Richard Bergmair's Blog


==> Dan Primack of Axios reports: Search engine startup from former Google Ads boss raises $40 million, and many people on social media are commenting that it’s crazy due to the sheer size of today’s web.

But the thing is: You’re dealing with insanely long-tailed distributions. The “meat” of the search engine business is in the fat heads of those distributions.

  1. A small number of queries constitutes a huge proportion of query events you’ll see throughout the day.

  2. For any given query, a small proportion of users will make up a huge proportion of the opportunity to monetise (researching a planned purchase, looking for a job etc.)

  3. For any given query, an infinitesimally tiny proportion of the documents on the web is where the value to the user actually is.

I think there are potentially many ways of making selections on each of those three axes and ending up with a viable business based on a manageably small search index. Just think of indeed as a job search engine or Amazon as a product search engine. They have manageably small document collections, great value to users, a stable user base, and monetisation opportunities.

From that standpoint, I find it surprising that there aren’t many more search engine businesses.

Case in point: I really like, the 90s nostalgia search engine. I don’t think they are a profitable business, but I certainly think they could & should be.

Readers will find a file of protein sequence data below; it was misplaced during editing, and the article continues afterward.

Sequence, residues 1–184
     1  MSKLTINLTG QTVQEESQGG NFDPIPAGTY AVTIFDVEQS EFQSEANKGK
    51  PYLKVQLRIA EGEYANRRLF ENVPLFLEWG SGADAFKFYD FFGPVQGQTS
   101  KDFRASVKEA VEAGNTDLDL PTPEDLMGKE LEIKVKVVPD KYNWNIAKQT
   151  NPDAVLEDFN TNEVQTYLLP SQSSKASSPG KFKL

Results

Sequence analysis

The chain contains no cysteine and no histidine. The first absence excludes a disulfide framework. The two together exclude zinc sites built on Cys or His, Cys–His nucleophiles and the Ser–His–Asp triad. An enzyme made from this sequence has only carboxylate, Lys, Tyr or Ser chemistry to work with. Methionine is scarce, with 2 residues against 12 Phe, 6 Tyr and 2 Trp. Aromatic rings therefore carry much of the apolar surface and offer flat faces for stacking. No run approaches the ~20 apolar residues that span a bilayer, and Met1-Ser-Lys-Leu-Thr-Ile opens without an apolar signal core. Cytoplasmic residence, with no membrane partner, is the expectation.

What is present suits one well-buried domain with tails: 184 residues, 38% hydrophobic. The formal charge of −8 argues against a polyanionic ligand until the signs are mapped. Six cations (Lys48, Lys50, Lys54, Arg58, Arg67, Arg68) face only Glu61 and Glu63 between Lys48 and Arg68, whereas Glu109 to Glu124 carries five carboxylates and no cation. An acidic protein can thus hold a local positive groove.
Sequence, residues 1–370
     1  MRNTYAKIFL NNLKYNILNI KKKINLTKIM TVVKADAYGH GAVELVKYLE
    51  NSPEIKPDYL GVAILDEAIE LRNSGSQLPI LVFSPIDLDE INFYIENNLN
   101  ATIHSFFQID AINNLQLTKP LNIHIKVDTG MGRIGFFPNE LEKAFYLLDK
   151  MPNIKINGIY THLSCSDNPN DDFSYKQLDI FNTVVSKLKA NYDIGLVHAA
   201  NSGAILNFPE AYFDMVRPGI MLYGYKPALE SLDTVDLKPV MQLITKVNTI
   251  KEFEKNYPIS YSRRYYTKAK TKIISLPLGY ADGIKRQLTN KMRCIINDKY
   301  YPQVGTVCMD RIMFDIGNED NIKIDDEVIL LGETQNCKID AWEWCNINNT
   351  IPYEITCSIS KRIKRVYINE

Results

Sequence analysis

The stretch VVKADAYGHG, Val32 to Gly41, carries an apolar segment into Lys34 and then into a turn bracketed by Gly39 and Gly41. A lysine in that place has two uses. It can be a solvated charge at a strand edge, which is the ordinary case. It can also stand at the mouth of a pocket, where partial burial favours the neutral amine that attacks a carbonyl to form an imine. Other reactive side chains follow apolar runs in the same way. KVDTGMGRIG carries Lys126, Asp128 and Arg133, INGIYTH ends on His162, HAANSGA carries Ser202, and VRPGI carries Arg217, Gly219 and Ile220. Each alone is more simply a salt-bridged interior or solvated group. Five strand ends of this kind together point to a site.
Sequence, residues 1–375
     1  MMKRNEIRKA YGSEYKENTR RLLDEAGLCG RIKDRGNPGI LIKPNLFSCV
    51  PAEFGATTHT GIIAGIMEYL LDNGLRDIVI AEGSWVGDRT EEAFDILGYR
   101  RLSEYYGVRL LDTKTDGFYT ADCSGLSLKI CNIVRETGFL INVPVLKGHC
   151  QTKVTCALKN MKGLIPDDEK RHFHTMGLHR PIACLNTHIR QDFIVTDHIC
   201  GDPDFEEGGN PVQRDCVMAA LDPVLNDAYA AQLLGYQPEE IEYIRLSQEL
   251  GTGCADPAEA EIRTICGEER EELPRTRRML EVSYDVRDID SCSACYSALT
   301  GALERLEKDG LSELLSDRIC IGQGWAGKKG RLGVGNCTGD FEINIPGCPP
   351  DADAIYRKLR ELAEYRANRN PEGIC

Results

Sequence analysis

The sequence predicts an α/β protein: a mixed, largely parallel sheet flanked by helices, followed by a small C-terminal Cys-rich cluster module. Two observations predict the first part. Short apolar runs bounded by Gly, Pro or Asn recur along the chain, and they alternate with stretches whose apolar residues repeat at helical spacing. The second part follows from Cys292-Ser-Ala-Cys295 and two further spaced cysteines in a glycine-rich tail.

And even Google is making deliberate choices along those three dimensions rather than naively indexing the web and naively executing keyword searches against that index.

  1. Given a query, reinterpret as follows. Catch eyeballs by delivering entertainment value (“pizza” -> “entertaining videos related to pizza”). Monetise those eyeballs by reinterpreting them as local queries (“pizza” -> “restaurants near me wanting to sell me pizza”) or products queries (“pizza” -> “online shops trying to sell me pizza-related items”)

  2. Given a query and document, always make relevance decisions for the audience with more disposable income. For example, “farming” shows a lot of stuff you’d want to read if you’re paying £10 for a potato in Borough Market and nothing you’d want to read if you’re a subsistence farmer in Namibia.

  3. When comparing two documents for inclusion in the pool of documents that stand any chance of coming up on page #1, prefer recency to authoritativeness. For “programming languages”, apparently “The 9 Best Programming Languages to Learn in 2021” is considered relevant, while “Go To Statement Considered Harmful” or the Mozilla Developer Network are considered irrelevant.

There are huge audiences who disagree with Google’s choices. They are just waiting to switch or use another product alongside Google if someone comes along making different choices.

So, I really don’t think that any venture in the web search space is doomed, given the size of the engineering effort and Google’s dominance. I’m baffled that there isn’t much more activity in that space.

#computers#business   |   Mar-11 2021